A furious debate is raging online over whether milk should be added first or last when making a cup of tea.
The question was posed by the Australian consumer organisation Choice to its thousands of followers on Facebook.
The watchdog explained the poll was running alongside research it was carrying out to determine the best-tasting tea.
‘While we let the results steep for a while, perhaps you can help us with a matter of procedure. If you take milk in your tea, do you put it in first (before the hot water) or last?’ Asked a Facebook post.
The jury is out as to whether or not milk should be added to tea first or last, however, commenters said this depended on whether a pot or bags were used
To date, over 3,000 votes have been cast, however, there is no indication at this stage as to which side leads the way.
Commenters also took to the post in their droves to say why they think their way of making tea is preferable to others.
Those who were for adding milk first said this offered a better gauge as to the strength of the tea.
‘Milk in first so you can really see the strength if the tea,’ said one.
‘You can always add more milk after the tea. We were taught this way from family, and aunts and great aunts the same,’ said another.
Those who were for adding milk first said this offered a better gauge as the strength of the tea
Many on the thread said they preferred to add milk last, but the rule entirely depended on whether they used bags or loose leaf tea.
‘So most times I use a tea bag and the milk has to go in last if I use the teapot the milk goes in first,’ one wrote.
While another said: ‘Depends if it’s tea made in a pot (milk first) or tea made with a tea bag (milk last, as it seems to hinder the tea from infusing).’
‘Tea from a pot is always milk in the cup first, tea made in a cup has the milk in after,’ a third said.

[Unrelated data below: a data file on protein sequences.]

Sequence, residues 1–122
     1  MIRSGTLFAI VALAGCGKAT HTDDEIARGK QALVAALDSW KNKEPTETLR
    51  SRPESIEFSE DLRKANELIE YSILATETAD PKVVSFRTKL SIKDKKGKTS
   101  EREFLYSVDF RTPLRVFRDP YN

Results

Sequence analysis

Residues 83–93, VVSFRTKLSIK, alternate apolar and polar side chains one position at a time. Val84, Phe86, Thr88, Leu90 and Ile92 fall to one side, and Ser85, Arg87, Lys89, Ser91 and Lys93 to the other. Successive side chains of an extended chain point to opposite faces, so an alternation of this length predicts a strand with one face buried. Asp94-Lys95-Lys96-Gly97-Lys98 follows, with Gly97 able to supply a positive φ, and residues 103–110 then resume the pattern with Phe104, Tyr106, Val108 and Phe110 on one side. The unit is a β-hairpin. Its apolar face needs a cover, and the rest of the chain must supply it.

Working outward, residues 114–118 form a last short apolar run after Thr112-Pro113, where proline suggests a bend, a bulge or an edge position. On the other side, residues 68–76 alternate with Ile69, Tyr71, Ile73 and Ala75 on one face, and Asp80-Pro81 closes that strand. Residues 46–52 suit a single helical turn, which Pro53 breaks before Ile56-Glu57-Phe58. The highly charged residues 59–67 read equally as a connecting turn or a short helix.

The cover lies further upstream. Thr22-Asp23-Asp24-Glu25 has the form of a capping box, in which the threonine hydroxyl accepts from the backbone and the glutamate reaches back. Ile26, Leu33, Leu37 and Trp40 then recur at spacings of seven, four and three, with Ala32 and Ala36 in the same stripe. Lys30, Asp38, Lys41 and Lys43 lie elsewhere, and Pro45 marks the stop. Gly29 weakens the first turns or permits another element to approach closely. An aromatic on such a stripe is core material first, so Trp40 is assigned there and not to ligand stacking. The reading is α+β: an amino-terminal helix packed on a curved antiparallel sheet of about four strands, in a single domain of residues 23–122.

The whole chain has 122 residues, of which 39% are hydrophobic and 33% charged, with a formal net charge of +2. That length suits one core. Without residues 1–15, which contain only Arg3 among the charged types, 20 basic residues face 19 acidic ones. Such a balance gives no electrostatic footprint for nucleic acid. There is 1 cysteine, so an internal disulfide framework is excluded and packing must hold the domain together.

Another added: ‘Putting milk in first can cause the hot tea to slightly curdle the milk, leading to a change in flavour.’
What do the experts say about how long a tea bag needs to be in a cup?
* According to tea expert Sharyn Johnston, the type of tea as well as the tea bag material controls the quality of the cup.
* However, she said poor quality tea will make for a poor quality cup – regardless of the bag. So for best results use a large, high quality open leaf variety.
* A pyramid-shaped bag is the best as the leaves can expand.
* Steep for the correct amount of time for the tea type and use the correct water temperature.
* In regards to the manners associated with the process of disposing of the tea bag: Anyone who squeezes it on the back of a teaspoon or drinks with the bag in is very bad mannered.
Source: Sharyn Johnston, founder Australian Tea Masters, to Daily Mail Australia
Daily Mail Australia turned to Sharyn Johnston, founder of Australian Tea Masters, to help shed some light on the matter.
According to Sharyn milk should always go in last – regardless of whether it was made in a pot or using a bag.
She said historically milk put into cups first as people drank from fine bone china which cracked easily with heat.
Today, this isn’t the case as cups and mugs are made from much stronger materials.
She also said milk when added first cools the tea quickly and there’s the problem of determining how strong your brew is.
‘With all the amazing speciality teas coming into the market place, we don’t need to add milk at all,’ Sharyn said.
‘If we put it in first we cannot experience any of these beautiful flavours.’
Source: Food Recipes and News